2016 Fall Convocation Address by Dr. J Timothy Cloyd
On August 25, 2016, President Tim Cloyd addressed the students, faculty and staff of Drury University during the Opening Convocation ceremony with the following remarks:
Welcome faculty, staff, parents, Warren White Scholars, and all of our students – especially our new students.
I was told that I should speak today for 10 to 15 minutes. When George Bernard Shaw once asked a speaker to limit their remarks to 10 to 15 minutes, the speaker replied, “How will I tell them everything I know in that time?”
“Well, I advise you to speak very slowly...” Shaw said.
A dear friend of mine once summarized a famous novel in the following way:
"In the British novel The Remains of the Day we meet an English butler named Stevens who spent his professional life in service at Darlington Hall, one of the great aristocratic houses of his country. Near the end of his life, Stevens embarks on a journey of reflection as the thinks back on the changes he has witnessed in his profession and in his country during a life that spans the first half of 20th century.
As Stevens reflects back on his life, he recalls conversations shared with butlers from other great houses of England who would visit Darlington with their respective employers. Late at night after their work was finished, the butlers would gather around a table in the kitchen and discuss their profession.
As Stevens recalls these conversations and seeks to make sense of his life’s work, his persistent questions are: “What is the vocation of a butler?” and “What makes a butler great?”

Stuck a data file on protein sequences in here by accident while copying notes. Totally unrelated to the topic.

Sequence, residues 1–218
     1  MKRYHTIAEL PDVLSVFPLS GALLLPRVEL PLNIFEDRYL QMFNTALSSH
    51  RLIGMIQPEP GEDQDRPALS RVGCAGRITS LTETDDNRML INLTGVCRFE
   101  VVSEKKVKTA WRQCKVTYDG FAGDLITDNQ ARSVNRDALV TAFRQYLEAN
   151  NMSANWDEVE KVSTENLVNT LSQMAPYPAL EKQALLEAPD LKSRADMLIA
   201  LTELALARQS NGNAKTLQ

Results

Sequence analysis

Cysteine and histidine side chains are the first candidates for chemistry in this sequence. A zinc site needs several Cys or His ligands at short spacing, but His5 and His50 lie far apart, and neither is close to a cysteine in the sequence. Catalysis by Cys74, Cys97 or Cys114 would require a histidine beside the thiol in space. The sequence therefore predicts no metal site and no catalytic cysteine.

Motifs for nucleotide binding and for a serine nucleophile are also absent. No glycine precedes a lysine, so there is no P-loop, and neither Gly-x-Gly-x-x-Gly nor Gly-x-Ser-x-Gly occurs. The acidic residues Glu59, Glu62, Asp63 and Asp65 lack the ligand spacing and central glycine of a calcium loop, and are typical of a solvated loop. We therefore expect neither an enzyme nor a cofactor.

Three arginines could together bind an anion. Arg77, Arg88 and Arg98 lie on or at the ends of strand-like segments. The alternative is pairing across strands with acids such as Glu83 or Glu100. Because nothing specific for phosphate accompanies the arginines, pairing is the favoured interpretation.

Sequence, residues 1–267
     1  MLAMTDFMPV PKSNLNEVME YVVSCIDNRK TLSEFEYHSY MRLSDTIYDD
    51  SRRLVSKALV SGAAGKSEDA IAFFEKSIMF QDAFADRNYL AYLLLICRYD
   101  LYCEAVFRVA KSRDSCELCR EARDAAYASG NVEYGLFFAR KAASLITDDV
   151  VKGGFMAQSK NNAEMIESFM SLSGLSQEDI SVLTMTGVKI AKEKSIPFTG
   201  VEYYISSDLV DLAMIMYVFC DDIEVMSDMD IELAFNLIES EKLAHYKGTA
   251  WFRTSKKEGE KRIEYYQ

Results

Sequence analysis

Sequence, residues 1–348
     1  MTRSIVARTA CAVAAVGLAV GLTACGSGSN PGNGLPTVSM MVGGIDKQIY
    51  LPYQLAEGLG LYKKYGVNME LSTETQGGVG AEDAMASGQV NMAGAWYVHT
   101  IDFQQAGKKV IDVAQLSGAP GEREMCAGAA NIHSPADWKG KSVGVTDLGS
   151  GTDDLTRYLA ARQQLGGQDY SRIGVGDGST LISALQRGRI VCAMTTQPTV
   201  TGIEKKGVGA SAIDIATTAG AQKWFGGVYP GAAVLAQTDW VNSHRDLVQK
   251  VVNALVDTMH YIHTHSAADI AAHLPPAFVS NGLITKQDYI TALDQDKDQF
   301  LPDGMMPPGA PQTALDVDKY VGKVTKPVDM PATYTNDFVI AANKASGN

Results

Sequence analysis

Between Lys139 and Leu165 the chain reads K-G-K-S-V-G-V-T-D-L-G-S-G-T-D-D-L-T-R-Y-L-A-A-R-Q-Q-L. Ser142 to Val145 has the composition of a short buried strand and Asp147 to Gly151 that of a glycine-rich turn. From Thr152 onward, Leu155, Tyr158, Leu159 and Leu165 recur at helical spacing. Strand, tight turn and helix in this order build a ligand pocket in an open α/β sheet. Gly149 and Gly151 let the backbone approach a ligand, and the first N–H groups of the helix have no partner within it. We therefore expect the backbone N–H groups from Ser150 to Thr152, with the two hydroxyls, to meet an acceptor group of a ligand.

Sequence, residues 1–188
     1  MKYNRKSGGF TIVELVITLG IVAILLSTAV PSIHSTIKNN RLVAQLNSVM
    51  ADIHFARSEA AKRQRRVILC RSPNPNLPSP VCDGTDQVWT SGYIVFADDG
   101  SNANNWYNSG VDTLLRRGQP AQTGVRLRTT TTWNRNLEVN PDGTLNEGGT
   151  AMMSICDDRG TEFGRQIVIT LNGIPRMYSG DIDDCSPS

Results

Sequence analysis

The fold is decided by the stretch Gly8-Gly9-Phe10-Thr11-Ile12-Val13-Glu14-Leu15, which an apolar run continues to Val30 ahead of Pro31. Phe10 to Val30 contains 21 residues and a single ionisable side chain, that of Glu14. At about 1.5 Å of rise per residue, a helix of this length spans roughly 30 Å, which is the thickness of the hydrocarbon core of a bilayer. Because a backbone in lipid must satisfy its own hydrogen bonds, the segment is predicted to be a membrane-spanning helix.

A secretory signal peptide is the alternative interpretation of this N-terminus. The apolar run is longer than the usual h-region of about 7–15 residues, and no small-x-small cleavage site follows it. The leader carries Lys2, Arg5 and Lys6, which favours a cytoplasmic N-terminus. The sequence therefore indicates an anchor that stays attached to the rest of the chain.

Stevens understands his vocation as one who ensures that the household functions without flaw and with apparent ease. The butler meets needs before they are known and answers requests before they are made. His vocation is to serve.
As the novel unfolds, Stevens achieves a level of self-discovery that leads him to identify complexities in his vocation that had escaped him during his long years of service. He makes these discoveries because he finally is willing to explore the full meaning of a fundamental question in his life:
What is the vocation of a butler?
Vocation implies life calling, and a serious reflection on vocation implies an understanding of a source of that calling. Thinking about vocation requires us to think about the relationship between our most fundamental values and our life work.
The exploration of vocation and calling is a spiritual exercise. It requires us to look deep within ourselves and ask how we understand ourselves and how those understandings are reflected in the lives we lead, where we spend our time and what we do.
What is my calling as one who serves this University? How do I know? What difference does it make?"*
Today, we stand on the shoulders of giants – men and women who for almost a century and a half have made the deepest possible commitments in the pursuit of the most audacious ambition: the notion that Drury would provide an academic experience that is transformational for every student it enrolls, and that the content of that education, the quality of the faculty that offers that education, and the accomplishments of the alumni who receive it would be such that Drury would be recognized as one of the nation’s premier institutions.
This requires deep personal sacrifice and audacious ambition.
At the very heart of what we do, our calling is academic excellence – in scholarship, in artist expression, in developing professional competence, in mentoring, in teaching inside and outside the classroom, in working on group and individual projects with students and in learning.
Here are some of the Drury academic giants on whose shoulders we stand today:
- L.E. Meador
- Frank Clippinger
- Oscar Fryer
- Willard Graves
- G.H. Benton
- Lora Bond